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 Post subject: interesting bill proposed
PostPosted: Fri Aug 24, 2007 10:33 am 

Joined: Thu Apr 19, 2007 7:58 am
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In my metro area paper, they are reporting about a bill to be introduced by Rep. John D. Dingell, that would "remove mortgage interest deuctions for McMansions- homes over 3,000 square feet"

The stated goal seems honorable enough i.e encourage people to live in smaller homes thereby theoretically reducing carbon emissions. But his approach is misguided at best. Just because your home is large doesn't mean that you are necessarily using more energy. My home is larger than some friends but their energy bill is higher.

Something I found interesting was the use of the term McMansion. The article estimated that only 15% of owner occupied homes have 3,000 square feet of interior space. That surprised me. It is not uncommon at all in my area to have a home that size. While size plays a factor in what I consider a McMansion, usally I asociate the term with a particular style of home in a specific type of neighborhood.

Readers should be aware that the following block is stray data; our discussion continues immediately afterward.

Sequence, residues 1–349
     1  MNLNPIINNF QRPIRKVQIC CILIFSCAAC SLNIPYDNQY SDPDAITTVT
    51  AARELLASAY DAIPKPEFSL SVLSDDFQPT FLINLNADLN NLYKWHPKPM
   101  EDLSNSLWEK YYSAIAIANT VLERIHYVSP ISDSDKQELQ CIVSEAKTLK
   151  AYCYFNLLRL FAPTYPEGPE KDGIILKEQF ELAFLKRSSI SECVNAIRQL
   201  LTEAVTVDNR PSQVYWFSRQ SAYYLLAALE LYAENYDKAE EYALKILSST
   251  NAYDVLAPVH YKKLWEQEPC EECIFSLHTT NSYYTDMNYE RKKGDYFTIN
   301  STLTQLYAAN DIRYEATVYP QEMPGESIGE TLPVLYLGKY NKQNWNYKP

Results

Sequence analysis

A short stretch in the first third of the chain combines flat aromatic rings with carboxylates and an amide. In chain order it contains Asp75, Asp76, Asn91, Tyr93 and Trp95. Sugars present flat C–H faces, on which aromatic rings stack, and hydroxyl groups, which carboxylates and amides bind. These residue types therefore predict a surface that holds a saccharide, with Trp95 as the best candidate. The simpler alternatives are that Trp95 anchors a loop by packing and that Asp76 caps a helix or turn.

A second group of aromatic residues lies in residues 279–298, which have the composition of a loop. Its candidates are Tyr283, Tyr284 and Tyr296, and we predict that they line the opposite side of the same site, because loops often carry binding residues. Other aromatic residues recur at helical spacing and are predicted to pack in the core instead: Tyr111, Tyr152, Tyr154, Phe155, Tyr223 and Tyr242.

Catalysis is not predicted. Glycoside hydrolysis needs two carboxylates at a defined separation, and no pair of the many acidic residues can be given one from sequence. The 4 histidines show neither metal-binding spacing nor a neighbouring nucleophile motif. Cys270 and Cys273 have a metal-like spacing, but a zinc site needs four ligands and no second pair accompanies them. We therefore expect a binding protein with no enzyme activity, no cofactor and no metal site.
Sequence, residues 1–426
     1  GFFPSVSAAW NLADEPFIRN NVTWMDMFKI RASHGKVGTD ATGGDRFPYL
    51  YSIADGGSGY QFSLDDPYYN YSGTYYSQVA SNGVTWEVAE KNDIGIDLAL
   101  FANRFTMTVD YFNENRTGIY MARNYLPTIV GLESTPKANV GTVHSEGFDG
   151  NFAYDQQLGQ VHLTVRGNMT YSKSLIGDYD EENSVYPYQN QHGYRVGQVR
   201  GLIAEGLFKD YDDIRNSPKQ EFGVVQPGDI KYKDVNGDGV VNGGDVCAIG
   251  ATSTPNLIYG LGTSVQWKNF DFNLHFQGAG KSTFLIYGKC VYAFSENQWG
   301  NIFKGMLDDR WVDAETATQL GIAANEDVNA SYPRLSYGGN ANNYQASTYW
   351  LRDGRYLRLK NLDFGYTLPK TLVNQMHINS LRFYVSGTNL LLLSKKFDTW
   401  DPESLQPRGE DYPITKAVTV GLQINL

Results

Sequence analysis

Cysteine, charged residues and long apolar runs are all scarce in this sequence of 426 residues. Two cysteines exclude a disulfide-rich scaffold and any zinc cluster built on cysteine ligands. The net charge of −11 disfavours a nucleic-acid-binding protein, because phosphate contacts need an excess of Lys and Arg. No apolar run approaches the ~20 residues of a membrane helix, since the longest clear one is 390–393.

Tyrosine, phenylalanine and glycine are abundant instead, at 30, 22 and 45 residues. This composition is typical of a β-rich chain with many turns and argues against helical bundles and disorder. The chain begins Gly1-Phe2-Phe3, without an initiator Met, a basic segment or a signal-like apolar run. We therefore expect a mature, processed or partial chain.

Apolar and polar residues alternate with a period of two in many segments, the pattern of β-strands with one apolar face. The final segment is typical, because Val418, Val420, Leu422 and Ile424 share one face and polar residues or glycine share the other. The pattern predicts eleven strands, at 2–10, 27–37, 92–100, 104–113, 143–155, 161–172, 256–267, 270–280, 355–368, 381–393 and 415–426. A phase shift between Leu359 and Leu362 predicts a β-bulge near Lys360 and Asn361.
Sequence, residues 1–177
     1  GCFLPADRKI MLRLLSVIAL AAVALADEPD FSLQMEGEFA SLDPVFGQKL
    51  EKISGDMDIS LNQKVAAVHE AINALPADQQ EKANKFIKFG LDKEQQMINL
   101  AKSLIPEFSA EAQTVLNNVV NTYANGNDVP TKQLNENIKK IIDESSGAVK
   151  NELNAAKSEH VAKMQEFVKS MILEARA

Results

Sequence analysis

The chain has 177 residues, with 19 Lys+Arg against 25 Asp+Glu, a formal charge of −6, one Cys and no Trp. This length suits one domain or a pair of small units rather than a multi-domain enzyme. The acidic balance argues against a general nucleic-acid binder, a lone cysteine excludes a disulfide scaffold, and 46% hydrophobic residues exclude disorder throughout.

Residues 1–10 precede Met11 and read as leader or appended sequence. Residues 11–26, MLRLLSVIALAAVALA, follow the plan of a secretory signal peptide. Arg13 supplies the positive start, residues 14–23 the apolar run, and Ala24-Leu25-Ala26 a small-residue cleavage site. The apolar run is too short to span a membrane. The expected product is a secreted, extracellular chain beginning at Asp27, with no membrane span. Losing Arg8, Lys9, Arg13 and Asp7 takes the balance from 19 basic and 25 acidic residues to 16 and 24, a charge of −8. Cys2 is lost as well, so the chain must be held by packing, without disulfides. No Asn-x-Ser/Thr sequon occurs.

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PostPosted: Fri Aug 24, 2007 11:30 am 
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I associate it with nouveau riche. But then we don't have them over here quite so much, new houses are almost invariably smaller than old ones.

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PostPosted: Fri Aug 24, 2007 1:04 pm 

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In my community, the average house has less than 2000 square feet and sells for around $1M. Most people rent out their basements, so they are really in 1000 square feet. So, yeah, I can see why someone would tax McMansions.